I went down to the beach to ride my skateboard tonight around 6 PM Friday night. It hadn't been too inspiring a day and I wanted to play. I parked next to a bunch of surfer's cars and was getting my safety gear on when a surfer with board came walking up from the beach dripping wet and said a "great white shark" has swum by him and four other surfers. It turned out that local Owein Sanders was the first to see it. He yelled out to the other surfers and the five of them windmill-paddeled into the beach. I asked him how big the fin was and he held his hand about 18" above the pavement. Todd Mason said the fin appeared and cruised along for a while, then turned on its side and went under. Todd looked shaken. I asked Owein (who was riding a 9-foot wood laminate surfboard) where the shark was and he said "the groin," meaning the mouth of the channel that leads from the ocean into the Bolinas lagoon.

It took a few minutes before I realized that last night, that is, Thursday, around 6:30, I'd driven down to the channel, ran along the beach, and swum from the groin though the channel down to the ramp (about 200 yards). When I got onto land I noticed a few seals swimming in the channel. Light bulb goes on in Lloyd's dim brain just now (I mean just now, 9:05 PM Friday night). The sharks are in there this time of night (incoming tide) trying to snack on sea lions who come into the lagoon on just such conditions. About two years ago, a local surfer, Lee Fontan was attacked by a great white at this very spot.


Human Ingenuity in China

Our man in British Columbia, artist Godfrey Stephens, just sent us these pix (we don't know where they're from):

Boingboing, Make Magazine, Scanning of All Books in the Known Universe: All from Kevin Kelly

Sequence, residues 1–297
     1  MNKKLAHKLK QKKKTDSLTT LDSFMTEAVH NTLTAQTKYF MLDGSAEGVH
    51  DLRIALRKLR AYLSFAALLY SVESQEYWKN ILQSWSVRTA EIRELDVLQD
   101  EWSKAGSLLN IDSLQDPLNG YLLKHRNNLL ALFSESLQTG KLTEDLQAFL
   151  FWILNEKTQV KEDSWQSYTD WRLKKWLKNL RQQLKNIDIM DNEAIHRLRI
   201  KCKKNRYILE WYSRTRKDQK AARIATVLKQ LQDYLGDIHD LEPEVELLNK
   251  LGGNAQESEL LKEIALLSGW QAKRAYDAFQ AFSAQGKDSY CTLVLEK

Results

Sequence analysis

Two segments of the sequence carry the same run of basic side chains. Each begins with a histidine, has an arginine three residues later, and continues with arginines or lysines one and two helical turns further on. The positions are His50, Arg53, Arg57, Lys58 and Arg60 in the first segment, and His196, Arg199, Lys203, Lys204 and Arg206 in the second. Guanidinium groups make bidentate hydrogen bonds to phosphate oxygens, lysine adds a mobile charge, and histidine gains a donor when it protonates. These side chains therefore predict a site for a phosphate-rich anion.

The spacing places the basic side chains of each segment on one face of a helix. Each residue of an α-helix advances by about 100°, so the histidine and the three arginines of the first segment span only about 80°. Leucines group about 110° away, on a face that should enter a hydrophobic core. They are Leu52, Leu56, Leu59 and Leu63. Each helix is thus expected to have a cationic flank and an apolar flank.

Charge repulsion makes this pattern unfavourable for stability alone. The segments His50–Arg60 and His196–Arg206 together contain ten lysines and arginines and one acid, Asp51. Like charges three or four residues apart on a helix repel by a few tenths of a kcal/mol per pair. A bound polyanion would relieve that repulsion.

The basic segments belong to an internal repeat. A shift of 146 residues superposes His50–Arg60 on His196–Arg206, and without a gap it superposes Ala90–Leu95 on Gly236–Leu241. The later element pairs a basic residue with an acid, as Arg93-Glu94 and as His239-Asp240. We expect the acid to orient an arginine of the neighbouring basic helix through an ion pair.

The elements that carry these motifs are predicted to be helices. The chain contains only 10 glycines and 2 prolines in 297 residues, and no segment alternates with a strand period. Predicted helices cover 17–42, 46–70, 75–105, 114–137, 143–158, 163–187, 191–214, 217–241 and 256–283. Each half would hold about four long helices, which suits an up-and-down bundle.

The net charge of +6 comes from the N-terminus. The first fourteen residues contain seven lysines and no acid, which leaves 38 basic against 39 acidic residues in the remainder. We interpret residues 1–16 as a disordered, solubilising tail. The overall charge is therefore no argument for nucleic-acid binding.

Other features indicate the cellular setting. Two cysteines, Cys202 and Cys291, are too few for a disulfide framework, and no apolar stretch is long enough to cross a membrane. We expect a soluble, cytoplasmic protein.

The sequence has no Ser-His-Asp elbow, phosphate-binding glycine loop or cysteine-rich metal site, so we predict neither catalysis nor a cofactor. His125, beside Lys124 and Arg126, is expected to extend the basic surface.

I talked to Kevin Kelly a few weeks ago and just got around to checking out a bunch of things he mentioned. Kevin is the "senior maverick" at Wired magazine, former editor of the Whole Earth Magazine, maestro of CoolTools and author of Out of Control: The New Biology of Machines, Social Systems and the Economic World


About the hottest blog going; it strikes me as what a blog should be: http://boingboing.net/

Privacy on yr. computer on boingboing

Make Magazine's Zine

Do-it-yourself culture: Web version of O'Reilly's exciting magazine

Scan This Book!

Article by Kevin Kelly in recent NY Times
"The dream is an old one: to have in one place all knowledge, past and present. All books, all documents, all conceptual works, in all languages:" Scan This Book!


While I'm at it, check out this amazing site of video clips, which includes tons of music clips. You need a fast connection (if not, let the clip load while you do something else, then go back and view it). I just typed in Freddie King and got 24 clips on him. http://youtube.com/